ST. LOUIS • The St. Louis Board of Aldermen approved the city’s $1.1 billion fiscal 2019 budget Friday.
Twenty-two aldermen voted for final passage of the spending plan, while 15th Ward Alderman Megan Green and 1st Ward Alderman Sharon Tyus voted no. Five aldermen were absent.
The $1.1 billion spending plan includes cuts to fill a $10 million shortfall as well as new revenue from two half-cent sales tax increases approved by voters last year.
The biggest changes from the budget’s first draft stem from a deal between 22nd Ward Alderman Jeffrey Boyd and St. Louis Treasurer Tishaura Jones, who will turn over parking revenue to restore 12 of the city’s neighborhood officers.
Neighborhood stabilization officers, or NSOs, act as liaisons between residents and the city, and the $800,000 in cuts to their personnel prompted public outcry and a push from city officials to find that money elsewhere. Jones has agreed to use parking revenue to save the officers, buy new tow trucks, and bolster the city’s savings by $10 million, in exchange for no cuts to her own staff and operating plan.
The amended budget previously hit a snag in the Board of Aldermen’s Ways and Means committee, which passed it out a week later than expected amid concerns from members who said the plan doesn’t adequately address concerns in north St. Louis wards.
What’s in the bill
While the city’s broader financial outlook still has officials concerned, this budget provides millions in new revenue to fund new initiatives through Proposition 1 for economic development and transit improvements, approved by voters in April; and Proposition P for police raises and other public safety needs, approved in November.
Most of the Prop P revenue is allocated to salary increases for police officers and firefighters. The rest is to be spent on staff and raises in the circuit attorney’s office, after-school and youth jobs programs, 11 new recreation positions and two new human services jobs.
Roughly $12 million in annual Prop 1 revenue is budgeted for transit improvements, with about $2 million each allocated for neighborhood stabilization, workforce development, public safety and infrastructure.
Other new expenses include first payments on the city’s Scottrade Center renovation debt and a state audit of St. Louis finances. The cost of that audit will be paid for over two to three years.
The spending plan includes $3.7 million for demolition of vacant buildings, funding for a new cadet program to attract and retain police officers and temporary air conditioning units for St. Louis’ Medium Security Institution, known as the Workhouse.
Additionally, there’s an increase in ward capital funds — a yearly pot of money each alderman receives for neighborhood improvements. They’ll each have $328,000 to work with in the new fiscal year.
The budget also adds $5.5 million to the Affordable Housing Trust Fund. The fund was intended to contain a minimum of $5 million a year, an amount voters approved in 2002, but has consistently been shorted for years.
Homeless services will also get a boost, with $775,000 allocated for a new public administrator to advocate for the homeless, two outreach coordinators and improvements to Biddle House.
Overwhelmingly the biggest chunk of the budget goes to public safety: nearly 60 percent is allocated for a department that includes police, fire, the building division, the excise division and corrections.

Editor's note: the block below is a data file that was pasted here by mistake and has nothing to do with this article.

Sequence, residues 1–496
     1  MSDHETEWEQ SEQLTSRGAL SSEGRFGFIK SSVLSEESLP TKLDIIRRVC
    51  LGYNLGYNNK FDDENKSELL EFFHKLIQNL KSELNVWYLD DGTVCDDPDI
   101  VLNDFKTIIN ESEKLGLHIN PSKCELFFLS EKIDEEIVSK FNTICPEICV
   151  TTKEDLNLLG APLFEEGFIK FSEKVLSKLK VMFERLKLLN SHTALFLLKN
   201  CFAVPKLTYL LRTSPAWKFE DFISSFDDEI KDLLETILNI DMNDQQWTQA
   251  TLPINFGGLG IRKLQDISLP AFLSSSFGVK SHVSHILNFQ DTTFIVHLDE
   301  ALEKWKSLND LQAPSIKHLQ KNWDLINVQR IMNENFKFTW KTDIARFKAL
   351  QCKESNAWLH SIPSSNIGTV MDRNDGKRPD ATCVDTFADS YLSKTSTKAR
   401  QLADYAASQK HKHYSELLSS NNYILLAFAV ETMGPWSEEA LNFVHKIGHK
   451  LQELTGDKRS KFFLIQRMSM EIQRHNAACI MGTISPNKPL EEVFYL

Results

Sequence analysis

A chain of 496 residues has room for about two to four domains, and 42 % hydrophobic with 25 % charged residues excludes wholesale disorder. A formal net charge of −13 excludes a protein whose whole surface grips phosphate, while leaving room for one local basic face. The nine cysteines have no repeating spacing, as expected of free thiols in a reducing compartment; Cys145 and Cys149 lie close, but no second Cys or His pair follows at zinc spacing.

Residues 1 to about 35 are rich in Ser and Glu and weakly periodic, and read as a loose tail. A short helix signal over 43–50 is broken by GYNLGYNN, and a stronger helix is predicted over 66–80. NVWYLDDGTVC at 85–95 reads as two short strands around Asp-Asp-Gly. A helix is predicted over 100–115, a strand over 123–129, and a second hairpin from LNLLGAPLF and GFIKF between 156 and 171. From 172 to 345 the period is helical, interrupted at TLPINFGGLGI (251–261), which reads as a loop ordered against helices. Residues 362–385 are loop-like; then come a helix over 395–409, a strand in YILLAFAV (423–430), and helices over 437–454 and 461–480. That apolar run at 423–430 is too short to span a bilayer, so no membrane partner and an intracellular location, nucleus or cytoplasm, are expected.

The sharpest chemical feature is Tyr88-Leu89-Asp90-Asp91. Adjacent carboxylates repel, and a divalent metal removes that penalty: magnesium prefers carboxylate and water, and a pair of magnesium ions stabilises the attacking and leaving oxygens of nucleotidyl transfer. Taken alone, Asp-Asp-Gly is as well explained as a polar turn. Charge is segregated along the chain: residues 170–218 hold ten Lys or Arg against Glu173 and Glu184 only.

Some city aldermen, like Green, have argued St. Louis spends too much on policing, at the expense of human and social services.
“Budgets are moral documents,” she wrote on Twitter after voting no on the budget Friday. “Our morals show we value locking people up more than supporting people.”
Others complained there isn’t enough spent to address crime plaguing the city.
“I agree it’s a tight budget. But I also wonder if there’s a lot of stuff in that budget that could have been changed or done differently where public safety would be more of a priority,” said 23rd Ward Alderman Joe Vaccaro.
Other city aldermen said the plan did not address the priorities in their wards, including 1st Ward alderman Tyus, who voted against approving the spending plan Friday amid complaints about the city’s failure to address blight, including keeping the grass cut in her ward.
While Jeffrey Boyd, who represents the 22nd Ward, called the measures to remove vacant homes “almost heroic,” citing hundreds of vacant properties in his ward.
Other aldermen complained the budget process limits their ability to control the city’s spending.
The budget process, including specific deadlines, is laid out in the city charter: The Board of Estimate and Apportionment, comprising Mayor Lyda Krewson, Aldermanic President Lewis Reed and Comptroller Darlene Green, must submit its proposed budget by May 1 every year.
That gives aldermen roughly two months to review it, hear from department heads, propose changes, and send the final bill to the mayor for signature. They can make cuts, but any additions require approval from the Board of Estimate and Apportionment.
“The Board of Aldermen has not had the appropriate time or adequate time to make cuts, to transfer money, or to have a genuine say-so in this budget process,” said John Collins-Muhammad, who represents the 21st Ward and was absent during the final vote on the spending plan Friday. “The current budget is full of unnecessary investment, high-paying salaries to people who do absolutely nothing, lack of a balanced budget and wasteful spending.”
Marlene Davis, who represents the 19th Ward, has noted that the committee’s work won’t end with a new budget.
“We know that we are a city that has less revenue than we’ve had in the last five years. And we know we need to work on it,” she said.
Erin Heffernan of the Post-Dispatch contributed to this report.